BLO brings Dvorak's lyric fairy tale to life
Reprinted from late editions of yesterday's Globe.
Poor old Dvorak devoted himself to writing operas throughout his creative life. He wrote more of them than he did symphonies - about 10 operas in total - but you've probably never heard of most of them, despite titles as memorable as "The King and the Charcoal Burner." The composer's operatic fairy tale "Rusalka" is the only piece to have found a secure place in the repertoire.
It was written in 1900 and based on a text by Jaroslav Kvapil about forbidden love between a water nymph and a human prince. It's been a favorite Czech opera since its Prague premiere; Mahler was intrigued by the score; and one beautiful soprano aria, "Song to the Moon," has taken on its own independent life as a lyrical bonbon dispensed by divas. But "Rusalka" had apparently not been staged locally until Friday night, when Boston Lyric Opera opened its vivid production (shared with the Minnesota Opera) at the Shubert Theatre.
The debate about the work has long centered on whether it is an opera with enough dramatic momentum to effectively hold the stage or more of a static collection of lyrical tableaux. In this production, directed by Eric Simonson, it feels like both, depending on the act. Despite the heavy use of stage projections to set the various wooded or watery scenes, a portion of the mysterious allure and dark sensuality of Dvorak's opera remains out of reach. But the new staging has many visually compelling moments and serves the spirit of the music clearly and faithfully.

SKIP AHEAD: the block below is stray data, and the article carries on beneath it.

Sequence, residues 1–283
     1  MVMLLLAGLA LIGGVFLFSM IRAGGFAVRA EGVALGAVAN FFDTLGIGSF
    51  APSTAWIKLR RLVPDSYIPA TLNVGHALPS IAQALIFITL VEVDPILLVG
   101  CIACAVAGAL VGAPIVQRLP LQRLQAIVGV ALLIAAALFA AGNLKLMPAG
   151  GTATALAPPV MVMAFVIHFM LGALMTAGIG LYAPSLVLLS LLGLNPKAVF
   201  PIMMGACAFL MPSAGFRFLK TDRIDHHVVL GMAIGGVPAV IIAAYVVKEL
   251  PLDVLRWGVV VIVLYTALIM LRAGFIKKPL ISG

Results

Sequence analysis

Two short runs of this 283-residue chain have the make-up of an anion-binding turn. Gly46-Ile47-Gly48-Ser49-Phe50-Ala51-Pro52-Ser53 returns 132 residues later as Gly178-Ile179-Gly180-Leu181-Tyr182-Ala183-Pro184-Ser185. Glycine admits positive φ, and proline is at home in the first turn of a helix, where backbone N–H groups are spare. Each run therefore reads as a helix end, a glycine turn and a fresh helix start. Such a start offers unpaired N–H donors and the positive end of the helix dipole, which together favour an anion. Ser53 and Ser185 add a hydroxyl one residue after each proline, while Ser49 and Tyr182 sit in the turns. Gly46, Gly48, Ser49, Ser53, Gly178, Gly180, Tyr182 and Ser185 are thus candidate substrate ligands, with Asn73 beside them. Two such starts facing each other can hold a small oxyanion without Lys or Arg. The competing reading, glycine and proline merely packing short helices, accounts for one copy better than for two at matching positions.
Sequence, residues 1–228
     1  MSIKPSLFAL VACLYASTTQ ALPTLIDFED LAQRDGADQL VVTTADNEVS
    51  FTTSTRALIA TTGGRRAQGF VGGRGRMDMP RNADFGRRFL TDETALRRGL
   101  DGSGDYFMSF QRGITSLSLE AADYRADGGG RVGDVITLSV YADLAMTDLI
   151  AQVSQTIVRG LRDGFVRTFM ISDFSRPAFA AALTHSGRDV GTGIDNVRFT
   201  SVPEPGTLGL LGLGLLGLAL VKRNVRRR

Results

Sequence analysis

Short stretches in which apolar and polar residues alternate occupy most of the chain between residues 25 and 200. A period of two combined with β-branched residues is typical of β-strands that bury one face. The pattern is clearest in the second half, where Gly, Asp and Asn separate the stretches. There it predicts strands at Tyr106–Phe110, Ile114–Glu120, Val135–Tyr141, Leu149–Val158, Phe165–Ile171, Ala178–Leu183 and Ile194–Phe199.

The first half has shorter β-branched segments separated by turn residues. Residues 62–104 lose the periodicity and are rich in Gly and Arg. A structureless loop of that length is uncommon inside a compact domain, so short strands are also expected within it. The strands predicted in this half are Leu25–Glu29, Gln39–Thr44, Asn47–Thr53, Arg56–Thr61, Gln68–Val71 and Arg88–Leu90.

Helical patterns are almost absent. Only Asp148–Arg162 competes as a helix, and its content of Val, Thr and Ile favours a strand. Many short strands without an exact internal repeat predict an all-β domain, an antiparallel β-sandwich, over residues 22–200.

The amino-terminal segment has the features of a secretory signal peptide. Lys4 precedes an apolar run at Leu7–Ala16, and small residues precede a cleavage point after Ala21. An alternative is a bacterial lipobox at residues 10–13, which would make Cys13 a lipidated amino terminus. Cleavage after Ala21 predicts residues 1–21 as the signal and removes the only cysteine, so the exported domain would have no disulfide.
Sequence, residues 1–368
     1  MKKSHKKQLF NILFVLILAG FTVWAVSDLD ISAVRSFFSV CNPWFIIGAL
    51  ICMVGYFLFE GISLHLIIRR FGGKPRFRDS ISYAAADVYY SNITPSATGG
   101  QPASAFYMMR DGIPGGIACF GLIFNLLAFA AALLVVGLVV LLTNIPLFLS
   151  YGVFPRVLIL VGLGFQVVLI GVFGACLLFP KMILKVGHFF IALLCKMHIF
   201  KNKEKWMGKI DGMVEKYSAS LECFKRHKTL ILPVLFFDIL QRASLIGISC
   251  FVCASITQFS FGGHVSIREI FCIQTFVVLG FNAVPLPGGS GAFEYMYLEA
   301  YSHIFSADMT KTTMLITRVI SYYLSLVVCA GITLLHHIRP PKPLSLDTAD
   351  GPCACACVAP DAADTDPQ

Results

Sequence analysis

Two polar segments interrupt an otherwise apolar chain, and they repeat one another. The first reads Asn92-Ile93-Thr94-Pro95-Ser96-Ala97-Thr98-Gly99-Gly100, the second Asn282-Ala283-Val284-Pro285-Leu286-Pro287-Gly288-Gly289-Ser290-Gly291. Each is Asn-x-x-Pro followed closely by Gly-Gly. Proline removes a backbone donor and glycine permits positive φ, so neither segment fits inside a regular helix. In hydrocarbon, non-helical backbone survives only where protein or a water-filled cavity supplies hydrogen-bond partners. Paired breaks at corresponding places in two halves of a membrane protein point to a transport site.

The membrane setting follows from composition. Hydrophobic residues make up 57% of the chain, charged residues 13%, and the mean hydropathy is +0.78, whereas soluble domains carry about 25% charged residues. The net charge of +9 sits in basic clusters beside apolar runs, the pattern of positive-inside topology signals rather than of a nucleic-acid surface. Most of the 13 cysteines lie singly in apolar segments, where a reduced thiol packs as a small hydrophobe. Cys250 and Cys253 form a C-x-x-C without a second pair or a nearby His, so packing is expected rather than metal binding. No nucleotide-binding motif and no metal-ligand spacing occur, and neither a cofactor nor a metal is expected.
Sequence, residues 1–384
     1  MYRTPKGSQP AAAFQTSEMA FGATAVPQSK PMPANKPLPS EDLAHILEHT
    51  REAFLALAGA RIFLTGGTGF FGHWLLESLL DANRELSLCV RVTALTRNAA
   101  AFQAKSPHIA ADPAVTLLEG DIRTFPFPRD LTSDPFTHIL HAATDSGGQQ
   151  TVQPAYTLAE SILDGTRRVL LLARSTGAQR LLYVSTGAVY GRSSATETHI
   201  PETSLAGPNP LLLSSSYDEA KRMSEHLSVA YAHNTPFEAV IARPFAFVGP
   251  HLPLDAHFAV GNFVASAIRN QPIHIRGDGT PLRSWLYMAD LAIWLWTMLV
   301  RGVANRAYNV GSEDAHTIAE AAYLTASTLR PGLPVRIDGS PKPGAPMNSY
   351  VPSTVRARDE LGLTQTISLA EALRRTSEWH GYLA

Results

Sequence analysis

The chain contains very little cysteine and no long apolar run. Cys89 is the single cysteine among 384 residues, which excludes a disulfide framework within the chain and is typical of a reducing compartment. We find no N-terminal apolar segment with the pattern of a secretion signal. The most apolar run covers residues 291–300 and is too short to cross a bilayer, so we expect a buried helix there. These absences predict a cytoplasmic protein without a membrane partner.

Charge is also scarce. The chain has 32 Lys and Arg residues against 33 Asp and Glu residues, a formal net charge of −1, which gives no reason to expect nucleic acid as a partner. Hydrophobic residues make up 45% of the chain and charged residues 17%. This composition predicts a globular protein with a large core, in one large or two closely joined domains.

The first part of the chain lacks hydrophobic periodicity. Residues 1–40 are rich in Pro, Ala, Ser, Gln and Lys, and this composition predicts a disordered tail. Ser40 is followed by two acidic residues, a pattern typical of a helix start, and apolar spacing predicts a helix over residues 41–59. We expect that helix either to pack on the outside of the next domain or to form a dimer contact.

At the core of the opera is of course the plight of its title character, a denizen of a cool watery world who longs for the warmth of human love but is unprepared for the volatility and fickleness of human passion. Her prince ultimately forsakes her and she returns to her realm cursed. The Prince seeks her out once more in her moonlit lake, with predictably tragic consequences.
Braving the difficulties of the Czech-language libretto, soprano Marquita Lister sang the role of Rusalka respectably, and seemed to gain in strength and confidence as the night went on. When she was vocally at her best, her lower range revealed an alluring mix of colors and her upper register had the strength to cut through the orchestra without sounding brittle.
Bryan Hymel as the Prince sang with a particularly robust and clear tenor and had sound dramatic instincts. John Cheek brought vocal resonance and dramatic gravity to the role of Vodnik the Water Gnome. Amusingly costumed like a batty professor on leave from Hogwarts, Nancy Maultsby sang the role of the witch Jezibaba with a rich and appealingly earthy tone. Rochelle Bart was imperious as the Foreign Princess.
Dvorak's score is full of ingenious and highly imaginative orchestral touches as well as evocative conjuring of the Bohemian landscape; Wagner's influence is never far but neither is it front and center. Friday night, Ari Pelto kept things moving effectively in the pit, though the playing was not without its rough patches. Still, BLO deserves credit for finally giving local audiences the opportunity to experience Dvorak's operatic moment in the sun.
Jeremy Eichler can be reached at firstname.lastname@example.org.